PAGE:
Courtenay, about 100 km north of Nanaimo on the east cost of Vancouver Island, was founded in the 1860s as a farming community in the Comox Valley. There is a garden known as the mile of Flowers. The town is the terminus of the ferry to Powell River. In the nearby Puntledge River valley, in 1989 an intact fossilized skull of a 9 metre long (30 ft) elasmosaur, which was a long-necked marine reptile that lived 80 million years ago. Nearby recreation includes Mount Washington and Forbidden Plateau ski areas. The town has a beautiful view of glacier-capped Mount Washington, which rises a mile into the air (accessible from Campbell River)
You can travel along the east coast of Vancouver Island on Highway 19A, the Oceanside Route, much more leisurely than Highway 19. This route extends from Parksville all the way to Campbell River, 50 km to the north of Courtenay.
The legacy of the region’s Indigenous heritage, combined with the contributions of settlers and subsequent generations, is an integral part of Courtenay’s identity.
The Comox Valley and the area around Courtenay was inhabited by the K’ómoks First Nation for thousands of years, who thrived on the abundant resources in the ocean, the forests, and the rivers.
in the late 1700s, Spanish and British navigators began to explore the coast of Vancouver Island. Only in the mid-1800s dis that European settlement begin with a Hudson’s Bay Company fort at nearby Comox in 1862.
The settlement at Courtenay was originally known as “Comox Town” and later “Comox City” though in 1874, it was renamed “Courtenay” after Courtenay Bay in Nova Scotia. The construction of the E&N Railway in the late 19th century (which connected various parts of Vancouver Island to Nanaimo and to Esquimalt) played a significant role in the development of the area.
The fertile land around Courtenay led to the development of a prosperous agricultural industry through the 1800s. Dairy farming, fruit orchards, and logging were drivers of economic growth in the region.
During and after the World Wars, the neaby Canadian Forces Base Comox played a significant role in the region’s economy. After World War II, Courtenay experienced a period of growth and urban development, with infrastructure improvement like roads and schools helped the city to expand.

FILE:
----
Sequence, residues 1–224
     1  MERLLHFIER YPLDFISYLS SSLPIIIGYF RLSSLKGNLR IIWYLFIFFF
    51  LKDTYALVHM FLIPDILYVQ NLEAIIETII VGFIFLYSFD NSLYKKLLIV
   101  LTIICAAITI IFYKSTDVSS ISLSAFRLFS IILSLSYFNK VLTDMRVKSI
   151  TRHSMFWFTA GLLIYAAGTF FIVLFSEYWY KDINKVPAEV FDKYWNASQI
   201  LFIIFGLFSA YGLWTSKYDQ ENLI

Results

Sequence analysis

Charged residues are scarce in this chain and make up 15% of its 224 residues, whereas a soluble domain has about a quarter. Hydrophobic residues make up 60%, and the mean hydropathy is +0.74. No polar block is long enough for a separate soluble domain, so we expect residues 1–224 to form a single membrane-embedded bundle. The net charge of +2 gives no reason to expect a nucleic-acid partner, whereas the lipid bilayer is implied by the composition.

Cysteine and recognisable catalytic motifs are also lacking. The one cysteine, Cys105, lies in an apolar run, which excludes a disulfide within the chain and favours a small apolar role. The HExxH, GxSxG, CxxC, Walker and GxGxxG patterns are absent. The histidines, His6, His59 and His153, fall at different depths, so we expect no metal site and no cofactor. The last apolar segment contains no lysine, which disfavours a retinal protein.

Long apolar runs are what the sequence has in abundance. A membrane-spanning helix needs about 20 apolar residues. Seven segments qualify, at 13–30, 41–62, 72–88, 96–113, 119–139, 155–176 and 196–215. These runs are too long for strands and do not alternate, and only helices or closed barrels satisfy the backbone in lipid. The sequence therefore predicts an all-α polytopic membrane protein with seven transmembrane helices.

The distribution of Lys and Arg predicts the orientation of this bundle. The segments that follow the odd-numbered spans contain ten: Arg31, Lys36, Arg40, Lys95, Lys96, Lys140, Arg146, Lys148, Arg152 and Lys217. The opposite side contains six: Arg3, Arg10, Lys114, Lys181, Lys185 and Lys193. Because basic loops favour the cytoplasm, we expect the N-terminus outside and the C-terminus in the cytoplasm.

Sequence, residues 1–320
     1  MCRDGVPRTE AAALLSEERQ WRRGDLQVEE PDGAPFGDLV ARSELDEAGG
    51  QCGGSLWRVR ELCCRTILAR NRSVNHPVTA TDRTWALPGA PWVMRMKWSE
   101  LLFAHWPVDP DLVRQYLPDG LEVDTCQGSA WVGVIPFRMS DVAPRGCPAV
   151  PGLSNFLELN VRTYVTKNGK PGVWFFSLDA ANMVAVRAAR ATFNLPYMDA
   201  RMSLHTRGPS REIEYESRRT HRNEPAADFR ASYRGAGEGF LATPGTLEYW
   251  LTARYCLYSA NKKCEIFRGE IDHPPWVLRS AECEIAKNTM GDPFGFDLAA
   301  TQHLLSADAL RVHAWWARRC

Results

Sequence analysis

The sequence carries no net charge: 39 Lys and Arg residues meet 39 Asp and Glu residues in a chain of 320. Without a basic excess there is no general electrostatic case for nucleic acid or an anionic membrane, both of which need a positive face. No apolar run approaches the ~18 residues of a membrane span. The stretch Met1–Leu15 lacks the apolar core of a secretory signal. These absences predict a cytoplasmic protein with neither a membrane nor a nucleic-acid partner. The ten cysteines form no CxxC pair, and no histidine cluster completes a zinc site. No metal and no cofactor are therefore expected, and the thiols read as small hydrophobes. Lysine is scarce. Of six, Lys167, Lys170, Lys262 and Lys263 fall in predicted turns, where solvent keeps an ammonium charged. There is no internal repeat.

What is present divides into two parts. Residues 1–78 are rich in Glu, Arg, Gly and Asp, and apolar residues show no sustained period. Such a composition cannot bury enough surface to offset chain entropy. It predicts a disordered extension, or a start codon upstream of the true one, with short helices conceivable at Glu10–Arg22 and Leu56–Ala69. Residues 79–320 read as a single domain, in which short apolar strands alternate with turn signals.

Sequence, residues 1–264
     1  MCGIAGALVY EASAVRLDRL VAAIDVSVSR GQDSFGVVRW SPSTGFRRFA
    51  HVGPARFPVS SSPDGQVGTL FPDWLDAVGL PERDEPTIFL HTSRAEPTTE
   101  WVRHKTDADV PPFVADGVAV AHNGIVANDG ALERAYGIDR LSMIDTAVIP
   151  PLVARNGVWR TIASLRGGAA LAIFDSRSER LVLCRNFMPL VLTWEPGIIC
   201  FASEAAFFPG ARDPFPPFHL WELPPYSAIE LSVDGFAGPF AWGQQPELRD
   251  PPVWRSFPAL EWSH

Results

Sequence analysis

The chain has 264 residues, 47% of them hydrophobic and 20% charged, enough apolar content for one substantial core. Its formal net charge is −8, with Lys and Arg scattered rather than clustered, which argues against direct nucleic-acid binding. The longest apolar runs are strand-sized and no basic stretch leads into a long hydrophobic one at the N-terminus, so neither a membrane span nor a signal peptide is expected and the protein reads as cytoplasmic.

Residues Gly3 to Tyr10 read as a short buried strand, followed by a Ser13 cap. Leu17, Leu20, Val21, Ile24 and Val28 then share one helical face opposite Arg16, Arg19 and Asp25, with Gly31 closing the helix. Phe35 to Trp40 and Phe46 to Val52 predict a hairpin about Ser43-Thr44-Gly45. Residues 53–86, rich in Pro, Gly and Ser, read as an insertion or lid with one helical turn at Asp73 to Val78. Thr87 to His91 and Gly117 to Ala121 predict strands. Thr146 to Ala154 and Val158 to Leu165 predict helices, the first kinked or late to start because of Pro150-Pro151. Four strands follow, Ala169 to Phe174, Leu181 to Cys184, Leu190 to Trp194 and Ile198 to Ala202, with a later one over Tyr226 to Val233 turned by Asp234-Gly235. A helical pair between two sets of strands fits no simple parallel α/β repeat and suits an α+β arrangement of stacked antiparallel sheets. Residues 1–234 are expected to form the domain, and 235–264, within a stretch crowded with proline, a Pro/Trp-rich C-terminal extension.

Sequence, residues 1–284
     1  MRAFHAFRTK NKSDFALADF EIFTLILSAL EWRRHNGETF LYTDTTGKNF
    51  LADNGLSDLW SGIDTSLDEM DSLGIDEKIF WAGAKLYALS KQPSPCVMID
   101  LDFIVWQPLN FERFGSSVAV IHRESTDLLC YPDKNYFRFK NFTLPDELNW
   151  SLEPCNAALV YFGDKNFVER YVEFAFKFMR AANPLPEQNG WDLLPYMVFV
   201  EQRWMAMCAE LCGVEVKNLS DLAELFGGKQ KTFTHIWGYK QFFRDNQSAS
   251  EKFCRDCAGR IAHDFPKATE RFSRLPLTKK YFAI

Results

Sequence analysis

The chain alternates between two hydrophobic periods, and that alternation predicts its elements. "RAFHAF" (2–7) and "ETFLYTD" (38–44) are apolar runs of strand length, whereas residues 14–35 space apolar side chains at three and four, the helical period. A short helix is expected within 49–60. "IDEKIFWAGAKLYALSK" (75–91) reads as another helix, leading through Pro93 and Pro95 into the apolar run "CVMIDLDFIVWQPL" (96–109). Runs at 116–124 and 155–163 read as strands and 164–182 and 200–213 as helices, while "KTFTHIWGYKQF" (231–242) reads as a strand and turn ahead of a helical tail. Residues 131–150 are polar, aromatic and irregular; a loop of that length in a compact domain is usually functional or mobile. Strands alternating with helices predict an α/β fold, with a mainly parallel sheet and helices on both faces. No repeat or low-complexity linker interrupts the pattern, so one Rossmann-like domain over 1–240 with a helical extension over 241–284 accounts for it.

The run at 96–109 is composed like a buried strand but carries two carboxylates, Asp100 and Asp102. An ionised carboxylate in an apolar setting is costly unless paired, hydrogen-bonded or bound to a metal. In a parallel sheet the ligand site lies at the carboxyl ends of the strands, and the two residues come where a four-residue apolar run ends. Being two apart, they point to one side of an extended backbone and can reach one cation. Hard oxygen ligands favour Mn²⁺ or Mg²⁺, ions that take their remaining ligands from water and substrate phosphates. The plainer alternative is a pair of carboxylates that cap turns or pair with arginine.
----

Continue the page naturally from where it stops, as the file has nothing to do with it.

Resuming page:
Courtenay saw diversification beyond agriculture and logging. Tourism, arts and crafts, technology, and education began to play more significant roles in the local economy.
Courtenay and District Museum & Paleontology Centre
207 Fourth Street, Courtenay, BC V9N 1G7
This museum showcases the natural and cultural history of the Comox Valley. It includes exhibits on paleontology, First Nations culture, and local wildlife.
Cumberland Museum & Archives
2680 Dunsmuir Ave, Cumberland, BC V0R 1S0
(10 km wouthwest of Courtenay via Comoz Valley Rd)
In nearby Cumberland, this museum is a short drive from Courtenay. It focuses on the history of the local coal mining industry and the town of Cumberland.
Seal Bay Nature Park
Bates Rd, Courtenay, BC V9J 1T8
This nature park offers a network of trails through forests, wetlands, and along the shoreline. It’s a great spot for hiking, birdwatching, and enjoying nature.
20 20th St, Courtenay, BC V9N 9C8
This waterfront park features walking trails, picnic areas, and a playground. It offers beautiful views of the Courtenay River and Comox Glacier.
Comox Valley Farmers’ Market
1701 Comox Ave, Comox, BC V9M 3M3
While technically in Comox, this vibrant market held Saturdays (in season) is very close to Courtenay. It offers a wide variety of fresh, local produce, artisanal crafts, baked goods, and more.
3310 Comox Rd, Courtenay, BC V9N 3P8
This Indigenous-owned and operated art gallery features a diverse collection of First Nations art, including carvings, jewelry, prints, and more.